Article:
Earlier this summer I discussed my desire to super-PR in the 5th Avenue Mile, as I’d become much speedier since running it in 6:38 six years ago. Of course, at the time I didn’t foresee recovering from a leg injury and having to give up on speedwork for the rest of this round of marathon training. I’m happy to have somewhat salvaged my training over the last few weeks, but I was still feeling pretty “meh” about this race by the time it rolled around.
I left with an hour to spare on Saturday morning, figuring it would be more than enough time considering it had only taken 45 minutes to get up to the Bronx two weeks ago. However, I didn’t realize the F train wouldn’t be running at my stop, which forced me to walk three avenues to catch a D train and then transfer to a 4/5, resulting in an Upper East Side arrival just minutes before the start. Jenny was waiting with my bib and D-Tag, but she passed them on to Beth when it was time to line up for our age group. I found her quickly, then jumped right into my heat without even stretching. The gun immediately went off, and seconds later a girl cut me off as she tried to move diagonally across the tightly packed crowd. I came thisclose to face-planting in the middle of the stampede of sprinting women (Whose idea was it to group ALL the 15- to 29-year-olds together, anyway?). Just like all the other times I’ve taken a spill midrun (Have I mentioned that I became a runner because I’m too uncoordinated for all other sports? Yeah…), I felt myself tripping in slow motion, only this time gravity wasn’t working quite so hard against me, as I managed to throw my hands forward and break my fall. I tried to get back up and running as fast as possible, but I definitely lost more than a few precious seconds in the process, and when I saw my final result, a fairly speedy finish of 6:47, I couldn’t help but feel a little bitter about the likelihood of setting a new personal best had I not experienced a setback in the beginning—especially since it was someone else’s fault instead of my own typical clumsiness! Somebody find me a redemption race, pleaseandthankyou.
After the race, I was happy to be able to find all the friends that had also just run my heat. I’d originally hoped to start with some speed demons to up my chances of a PR, but that plan was a fail thanks to the crowds and my late arrival. Anyway, after catching up with Jenny, Abby, Jocelyn, Meggie, Steph, and Jessica, it was time to replace speed with distance for my last long(ish) run before Chicago.
Jocelyn and I had made plans for a double-digit run after the mile, but I almost bailed to run on my own when she told me she and Meggie planned to cover 15 miles in the form of multiple Central Park loops. I’ve mentioned before that out-and-backs and repeat courses are not my favorites (I JUST climbed this hill. Now I have to do it again?), but I decided to run with them after all, thinking that maybe the route wouldn’t be so tough with friends to distract me. Turns out, I was right! 2.5 repeats of the 5-mile loop (sans Harlem Hill) flew by, and after we parted ways I continued to the Reservoir for a lap to round out a total of 16 miles at an 8:54 pace. Of course, that 2:22:27 finish includes the 6:47 5th Avenue Mile, so I’ll assume that I would have totaled around 2:24 on a normal long run. I felt pretty comfortable at the end of this run—dare I say think I could have easily kept it up for another 4 miles to round out 20 at around 3 hours? I hope so, since that’s around the time I’d need to hit 20 miles in the marathon in order to still be able to finish in under 4 hours even if I have to take it easy during the final 6.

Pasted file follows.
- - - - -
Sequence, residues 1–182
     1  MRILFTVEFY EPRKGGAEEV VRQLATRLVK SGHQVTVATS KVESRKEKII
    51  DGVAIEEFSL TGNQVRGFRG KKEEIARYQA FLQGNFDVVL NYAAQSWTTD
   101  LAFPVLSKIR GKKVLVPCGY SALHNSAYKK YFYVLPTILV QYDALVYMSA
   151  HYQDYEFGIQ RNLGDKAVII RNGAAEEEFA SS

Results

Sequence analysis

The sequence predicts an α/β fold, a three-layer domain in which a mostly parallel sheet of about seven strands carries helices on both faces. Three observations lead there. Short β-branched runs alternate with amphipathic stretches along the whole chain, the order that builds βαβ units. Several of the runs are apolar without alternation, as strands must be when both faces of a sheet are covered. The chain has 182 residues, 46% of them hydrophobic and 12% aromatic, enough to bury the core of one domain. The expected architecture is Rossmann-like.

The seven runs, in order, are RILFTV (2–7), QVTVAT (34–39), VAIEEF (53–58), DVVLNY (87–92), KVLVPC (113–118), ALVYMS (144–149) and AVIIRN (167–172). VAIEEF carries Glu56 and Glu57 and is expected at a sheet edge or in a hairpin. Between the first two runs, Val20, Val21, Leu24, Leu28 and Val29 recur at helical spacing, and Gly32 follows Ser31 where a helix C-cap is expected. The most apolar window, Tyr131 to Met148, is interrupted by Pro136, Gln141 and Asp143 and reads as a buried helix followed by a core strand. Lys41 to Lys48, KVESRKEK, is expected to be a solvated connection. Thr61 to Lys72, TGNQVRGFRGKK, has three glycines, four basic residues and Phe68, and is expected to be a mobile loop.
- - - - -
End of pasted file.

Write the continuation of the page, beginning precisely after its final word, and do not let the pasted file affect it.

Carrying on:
I ran a not-so-great 20-miler a week ago that left me feeling pretty discouraged about the marathon, so I’m glad I made the last-minute choice to up this week’s 12-miler to 16 for one last chance at a confidence boost for the big day. For every time I worry about how low my weekly mileage has been since coming back from the injury, I’m trying to remind myself of runs like this one, which were a little faster than MGP, yet never felt like a struggle. That has to be a good sign, right? I know, I know: To state the obvious, it might mean that MGP should be faster than 9:09, but I honestly feel like throwing out a “real” time goal would be a total shot in the dark since I can’t shake the feeling of being so behind in training. I essentially went straight from building up my mileage to tapering, skipping those crucial peak weeks.
During our run, Jocelyn asked me what “my plan” was (“…in life?” was my response). I’m still going to shoot for 3:59 in Chicago, so I plan to wear a pace tattoo for that. I’ve also considered trying to stick with the 4-hour pace group during the race, but my Houston Half Marathon PR scored me a placement in the third corral of the first wave, so I have a feeling I’ll have a pretty good head start before that pace group gets moving. If they manage to catch up to me, I hope I have enough energy left to stick with them for the rest of the race. But I not-so-secretly hope they won’t catch me.
How’s that for a plan?
UPDATE: Alas, there is no 4-hour pace group in the entire first wave. So now I REALLY hope they don’t catch me with my 30-minute head start!